RG6 Connector and Noise

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shortwaver

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Searching around the forum, I was unable to find an specific answer to a question I have. Do RG6 connectors invite noise into the cable?

If I have a length of RG6 running by a noise source (7 ft away), with a connector/coupler in the cable near that source.

My situation is; radio in one room with about 15' of RG6 running into an adjacent room. Cable connects with another cable via connector/coupler inside this second room (near the noise source - burner motor), then runs outside to yet another connector/coupler about 10' away from the house, then to a Par Endfed antenna in a sloper configuration. There are no splitters on this line- just the 2 connectors and 3 lengths of RG6.

I have noise on the radio when the burner motor is on.

Thanks
 

rbm

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Searching around the forum, I was unable to find an specific answer to a question I have. Do RG6 connectors invite noise into the cable?
No more than any other connector does if properly installed.

You can try routing the RG6 away from the noise source or try 'quad shield' RG6. That may, or may not help.

Rich
 

WA0CBW

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This sounds like it could be a ground loop problem. Are the connectors touching anything that is grounded? I am assuming the connectors are the correct size and have been installed correctly.
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shortwaver

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Thanks for the replies. Im going to further look into both of those suggestions as; Im not 100% sure of my connections. I used a compression tool that works seemingly well, but the fittings im using dont seem to fit the rg6 very well- they require a lot of force to get them on. The ground loop question is interesting in that, even though the connectors dont come in contact with any grounded item, the cable does run along a copper water pipe for a while.

Im going find get another continuous cable and run it in a different location for testing.

Thanks again.
 

KZ9G

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Quality compression rg6 connectors will take some force to install them.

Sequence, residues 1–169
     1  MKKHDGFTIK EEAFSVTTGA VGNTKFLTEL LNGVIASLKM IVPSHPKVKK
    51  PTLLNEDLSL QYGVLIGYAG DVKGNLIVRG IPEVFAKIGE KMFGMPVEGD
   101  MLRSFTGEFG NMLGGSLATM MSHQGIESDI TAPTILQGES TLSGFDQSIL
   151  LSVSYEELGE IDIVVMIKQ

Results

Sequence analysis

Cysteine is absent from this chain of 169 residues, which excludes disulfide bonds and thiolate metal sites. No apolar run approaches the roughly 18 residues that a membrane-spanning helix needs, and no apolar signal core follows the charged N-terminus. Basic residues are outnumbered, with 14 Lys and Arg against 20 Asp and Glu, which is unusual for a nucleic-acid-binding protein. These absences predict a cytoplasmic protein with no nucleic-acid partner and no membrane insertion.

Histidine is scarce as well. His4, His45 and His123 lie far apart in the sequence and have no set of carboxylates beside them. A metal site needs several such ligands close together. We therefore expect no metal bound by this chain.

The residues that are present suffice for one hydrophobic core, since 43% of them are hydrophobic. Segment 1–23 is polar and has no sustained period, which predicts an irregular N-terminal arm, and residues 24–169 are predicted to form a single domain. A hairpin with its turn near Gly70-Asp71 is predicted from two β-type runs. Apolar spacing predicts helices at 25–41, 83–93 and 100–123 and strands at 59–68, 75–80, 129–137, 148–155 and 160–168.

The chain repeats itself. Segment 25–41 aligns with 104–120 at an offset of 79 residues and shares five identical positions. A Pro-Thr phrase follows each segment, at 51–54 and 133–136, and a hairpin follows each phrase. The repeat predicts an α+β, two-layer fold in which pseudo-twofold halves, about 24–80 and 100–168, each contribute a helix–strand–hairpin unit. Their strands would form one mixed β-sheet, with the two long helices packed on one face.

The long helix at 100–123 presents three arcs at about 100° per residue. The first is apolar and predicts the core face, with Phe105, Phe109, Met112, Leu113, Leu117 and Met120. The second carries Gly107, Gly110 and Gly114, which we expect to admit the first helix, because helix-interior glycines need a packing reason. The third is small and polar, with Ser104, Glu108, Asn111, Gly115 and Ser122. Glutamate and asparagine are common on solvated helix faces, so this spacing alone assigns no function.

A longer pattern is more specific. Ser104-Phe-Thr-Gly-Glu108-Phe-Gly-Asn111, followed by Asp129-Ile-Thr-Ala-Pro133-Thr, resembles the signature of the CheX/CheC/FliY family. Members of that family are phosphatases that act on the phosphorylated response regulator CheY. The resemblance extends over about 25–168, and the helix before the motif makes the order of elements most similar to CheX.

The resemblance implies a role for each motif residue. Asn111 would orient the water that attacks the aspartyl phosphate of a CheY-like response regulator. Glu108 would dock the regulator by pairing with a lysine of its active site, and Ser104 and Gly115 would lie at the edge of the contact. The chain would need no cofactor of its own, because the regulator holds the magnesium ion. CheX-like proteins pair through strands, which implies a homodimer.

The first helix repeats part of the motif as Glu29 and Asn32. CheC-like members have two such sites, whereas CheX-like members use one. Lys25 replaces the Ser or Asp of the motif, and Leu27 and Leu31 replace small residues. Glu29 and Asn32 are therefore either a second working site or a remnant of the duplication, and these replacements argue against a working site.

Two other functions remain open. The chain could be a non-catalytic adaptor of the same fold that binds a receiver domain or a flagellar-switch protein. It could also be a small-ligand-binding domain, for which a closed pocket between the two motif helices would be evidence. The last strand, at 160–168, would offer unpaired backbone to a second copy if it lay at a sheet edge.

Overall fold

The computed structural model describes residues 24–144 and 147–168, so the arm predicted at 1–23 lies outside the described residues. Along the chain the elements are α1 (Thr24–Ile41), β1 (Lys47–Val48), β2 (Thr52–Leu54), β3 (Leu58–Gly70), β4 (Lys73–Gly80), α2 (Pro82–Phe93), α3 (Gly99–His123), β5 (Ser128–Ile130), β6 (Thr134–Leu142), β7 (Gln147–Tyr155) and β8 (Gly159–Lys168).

FeedForward

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Will the connectors inject or allow signal to enter the cable? No, unless they are improperly installed (loose).

Cable connects with another cable via connector/coupler inside this second room (near the noise source - burner motor), then runs outside to yet another connector/coupler about 10' away from the house.
without a major re-install of the coax, be sure that all the couplers are high quality and installed with silicone grease to prevent oxidation inside the connectors. The other important part is to use good quality coax. There are lots of kinds of RG6. You want the quad shield type.

Test: remove antenna from back of scanner. Turn on burner motor. Is the noise there? If not, you are not picking up noise from the antenna, it might be coming in via the scanner power supply wiring. Another approach is to find out how the motor noise is being radiated. You could take a battery powered AM radio, set it near the burner motor and see if the noise is being radiated through the air. It should not be, since the motor should be shielded by a metal cabinet, which should be well grounded. (Is the heating unit in the attic, basement, etc?

There's a good chance that the motor noise is being injected back into the home AC wiring from the heater/motor. In that case adding ferrite chokes around the burner AC wiring (at the entrance to the heater) might work. Heaters also have control cabling to the thermostat which can radiate in the same way. Again wrapping the control cable through a choke toroid would probably work. Lastly you can try adding ferrite beads around the antenna coax just as it enters the scanner. That method would discourage noise on the shield of the coax from entering the radio. One final thought: unscrew the coax connector from the scanner(if possible, or run a temporary jumper) and let only the center conductor remain connected. Does the noise go away?

FF
 
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